KwaZulu-Natal Legislature Pietermaritzburg: 11 August 2011
It is a tough call to have to debate the
centenary of the ANC in six minutes. In the words of our President,
Prince M G Buthelezi, "The centenary of the founding of the
African National Congress is a matter of no minor importance. It
affects not only the ANC, but the whole of the country."
The founding of the South African Native
National Congress in 1912 was a monumental event in response to
the exclusion of the majority South African Blacks at the
formation of the Union of 1910 by the White Minority.
We reliably learn that in 1923, the South
African Native National Congress was renamed the African
National Congress. I want to touch on a few important aspects
especially of significance to the IFP as we focus on the
centenary celebrations of the ANC.
One of the founders of the ANC, Pixley Ka
Isaka Seme had this to say:" The African already recognizes his
anomalous position and desires a change. The brighter day is
rising upon Africa. Already I seem to see her chains dissolved,
her desert plains red with harvest, her Abyssinia and her
Zululand the seats of science and of religion, reflecting the
glory of the rising sun from the spires of their churches and
universities. Her Congo and Her Gambia whitened with commerce,
her crowded cities sending forth the hum of business, and all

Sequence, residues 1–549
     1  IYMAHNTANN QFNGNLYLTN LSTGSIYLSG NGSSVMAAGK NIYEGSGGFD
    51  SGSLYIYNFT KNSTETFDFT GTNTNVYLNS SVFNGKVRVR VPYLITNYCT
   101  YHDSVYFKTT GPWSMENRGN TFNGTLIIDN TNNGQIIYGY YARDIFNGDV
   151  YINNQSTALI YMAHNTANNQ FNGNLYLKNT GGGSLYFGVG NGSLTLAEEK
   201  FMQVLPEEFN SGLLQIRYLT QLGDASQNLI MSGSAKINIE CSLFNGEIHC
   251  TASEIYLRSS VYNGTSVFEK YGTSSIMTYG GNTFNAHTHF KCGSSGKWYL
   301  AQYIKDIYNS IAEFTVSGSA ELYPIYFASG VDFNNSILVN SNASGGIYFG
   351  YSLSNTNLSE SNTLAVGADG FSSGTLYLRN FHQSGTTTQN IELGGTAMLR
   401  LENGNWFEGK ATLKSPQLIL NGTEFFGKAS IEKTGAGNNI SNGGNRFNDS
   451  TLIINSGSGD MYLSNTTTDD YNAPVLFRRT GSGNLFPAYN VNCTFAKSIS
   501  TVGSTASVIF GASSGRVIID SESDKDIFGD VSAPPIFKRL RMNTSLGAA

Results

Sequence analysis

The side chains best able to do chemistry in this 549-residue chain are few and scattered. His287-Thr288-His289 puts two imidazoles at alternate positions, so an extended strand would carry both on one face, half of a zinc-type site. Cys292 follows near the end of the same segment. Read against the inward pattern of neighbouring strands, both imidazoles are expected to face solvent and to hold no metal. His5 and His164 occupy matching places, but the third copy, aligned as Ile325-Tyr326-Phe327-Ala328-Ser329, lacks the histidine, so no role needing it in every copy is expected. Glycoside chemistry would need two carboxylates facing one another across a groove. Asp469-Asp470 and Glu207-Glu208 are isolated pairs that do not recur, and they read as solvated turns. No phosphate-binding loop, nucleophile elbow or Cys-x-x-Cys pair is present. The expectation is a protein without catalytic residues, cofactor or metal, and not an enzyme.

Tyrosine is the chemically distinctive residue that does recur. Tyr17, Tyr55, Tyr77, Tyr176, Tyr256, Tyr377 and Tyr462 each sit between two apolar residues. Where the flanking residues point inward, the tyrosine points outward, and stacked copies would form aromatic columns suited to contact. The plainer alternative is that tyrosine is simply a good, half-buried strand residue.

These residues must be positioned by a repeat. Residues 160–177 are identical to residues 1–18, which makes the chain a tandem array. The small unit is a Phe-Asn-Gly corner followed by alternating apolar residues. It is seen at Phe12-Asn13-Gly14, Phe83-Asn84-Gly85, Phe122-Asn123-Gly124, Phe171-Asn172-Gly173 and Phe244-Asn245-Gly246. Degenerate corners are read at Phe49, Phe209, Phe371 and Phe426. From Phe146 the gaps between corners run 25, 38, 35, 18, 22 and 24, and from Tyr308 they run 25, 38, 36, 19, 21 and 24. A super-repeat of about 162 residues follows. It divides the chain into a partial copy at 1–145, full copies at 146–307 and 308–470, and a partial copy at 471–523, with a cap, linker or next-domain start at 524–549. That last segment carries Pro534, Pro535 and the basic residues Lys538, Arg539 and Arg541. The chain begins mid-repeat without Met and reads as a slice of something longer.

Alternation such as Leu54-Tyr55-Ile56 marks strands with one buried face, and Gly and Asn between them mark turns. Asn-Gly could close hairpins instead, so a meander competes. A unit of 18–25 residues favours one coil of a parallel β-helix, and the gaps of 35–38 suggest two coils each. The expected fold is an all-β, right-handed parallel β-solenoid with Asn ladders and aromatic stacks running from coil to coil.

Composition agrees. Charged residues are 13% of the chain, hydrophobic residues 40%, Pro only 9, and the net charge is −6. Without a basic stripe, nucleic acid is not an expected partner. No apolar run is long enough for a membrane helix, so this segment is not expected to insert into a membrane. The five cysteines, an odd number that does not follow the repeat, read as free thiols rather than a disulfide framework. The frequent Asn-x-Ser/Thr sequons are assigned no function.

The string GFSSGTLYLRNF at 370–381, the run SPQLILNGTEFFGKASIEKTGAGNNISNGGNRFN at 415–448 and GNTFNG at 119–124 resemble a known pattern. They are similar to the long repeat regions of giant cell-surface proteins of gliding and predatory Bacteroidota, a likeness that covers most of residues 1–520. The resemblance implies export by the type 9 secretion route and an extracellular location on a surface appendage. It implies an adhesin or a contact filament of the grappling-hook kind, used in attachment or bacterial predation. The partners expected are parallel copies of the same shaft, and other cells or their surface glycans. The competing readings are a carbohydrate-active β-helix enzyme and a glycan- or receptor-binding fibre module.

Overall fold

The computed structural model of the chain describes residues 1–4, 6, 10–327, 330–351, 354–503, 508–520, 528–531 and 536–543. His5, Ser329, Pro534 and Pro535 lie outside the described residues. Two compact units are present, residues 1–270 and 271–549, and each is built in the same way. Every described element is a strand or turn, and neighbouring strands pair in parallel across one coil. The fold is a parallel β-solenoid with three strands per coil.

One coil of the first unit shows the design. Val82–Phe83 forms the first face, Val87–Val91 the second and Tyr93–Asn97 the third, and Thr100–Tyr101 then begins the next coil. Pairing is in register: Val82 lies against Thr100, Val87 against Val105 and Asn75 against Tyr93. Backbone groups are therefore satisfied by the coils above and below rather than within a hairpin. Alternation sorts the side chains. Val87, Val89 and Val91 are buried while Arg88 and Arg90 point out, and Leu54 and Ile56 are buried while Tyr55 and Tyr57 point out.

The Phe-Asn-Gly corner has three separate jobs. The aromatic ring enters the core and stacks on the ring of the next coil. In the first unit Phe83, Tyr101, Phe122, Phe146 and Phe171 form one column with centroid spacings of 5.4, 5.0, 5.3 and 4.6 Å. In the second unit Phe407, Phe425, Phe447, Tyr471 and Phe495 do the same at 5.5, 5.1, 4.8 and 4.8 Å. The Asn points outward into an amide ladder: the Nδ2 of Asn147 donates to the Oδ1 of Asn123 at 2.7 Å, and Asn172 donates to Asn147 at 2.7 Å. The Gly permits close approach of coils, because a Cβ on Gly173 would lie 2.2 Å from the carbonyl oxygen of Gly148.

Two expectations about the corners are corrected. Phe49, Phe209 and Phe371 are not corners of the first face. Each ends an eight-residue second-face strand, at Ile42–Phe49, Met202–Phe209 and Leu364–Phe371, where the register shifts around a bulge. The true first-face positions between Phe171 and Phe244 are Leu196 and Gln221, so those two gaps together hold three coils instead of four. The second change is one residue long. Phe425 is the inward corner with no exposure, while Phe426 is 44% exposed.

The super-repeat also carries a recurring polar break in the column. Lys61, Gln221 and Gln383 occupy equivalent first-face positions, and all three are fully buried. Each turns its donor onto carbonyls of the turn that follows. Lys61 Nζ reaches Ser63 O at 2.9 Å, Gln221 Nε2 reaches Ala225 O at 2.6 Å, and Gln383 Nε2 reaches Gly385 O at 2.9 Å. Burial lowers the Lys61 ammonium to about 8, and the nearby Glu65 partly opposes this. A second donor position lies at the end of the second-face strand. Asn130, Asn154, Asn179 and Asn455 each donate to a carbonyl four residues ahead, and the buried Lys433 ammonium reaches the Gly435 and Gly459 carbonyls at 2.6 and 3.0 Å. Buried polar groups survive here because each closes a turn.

her sons employed in advancing the victories of peace - greater
and more abiding than the spoils of war".
This statement clearly spells out that the
founding fathers of the ANC had:
-A great love for Africa
-A great passion for peace
-A great passion for Economic and political
-A great passion for reconciliation and so on.
The big question to ask 100 years later is how
much of this passion still drives the ANC today.
The IFP has had many of its leaders and
members with their roots in the ANC. We can mention a few like:-
-The late Mrs Ella Nxasana - the 1st IFP
Women's brigade Chairperson
-The late Hon Bishop Alpheus Zulu -
former IFP National Chairperson
-The likes of Dr F T Mdlalose -
former KZN Premier & former IFP National Chairperson.
-The likes of the late Mr Chonoco - former IFP
-The late Mrs F X Gasa - former IFP Woman's
-Prof Sibusiso Bhengu - first secretary
general of the IFP.
-The late Mr Steven Sithebe
-The late Dr Madida - To name but a few.
The greatest of them all is the leader and
Founder of Inkatha Freedom Party, Inkosi Buthelezi. When he
founded the Inkatha Yenkululeko yeSizwe in 1975, he made it
clear that Inkatha was structured on the ideals of the African
National Native Congress as propounded by its founding fathers
in 1912. In fact, even before Inkatha was founded, Inkosi
Buthelezi consulted with the likes of Mr Oliver Tambo, then
President of the ANC, who supported the idea. The late Mr
Cleopas Nsibande confirmed that he was present when Dr O R
Tambo, Inkosi Luthuli and other ANC leaders requested Prince M
Buthelezi not to decline if Amakhosi of the Zulu Kingdom elected
him within the framework of the self-government structures that
the apartheid regime imposed at the time. They argued that this
was going to be to the interests of the liberation struggle to
prevent the balkanization of the country into so called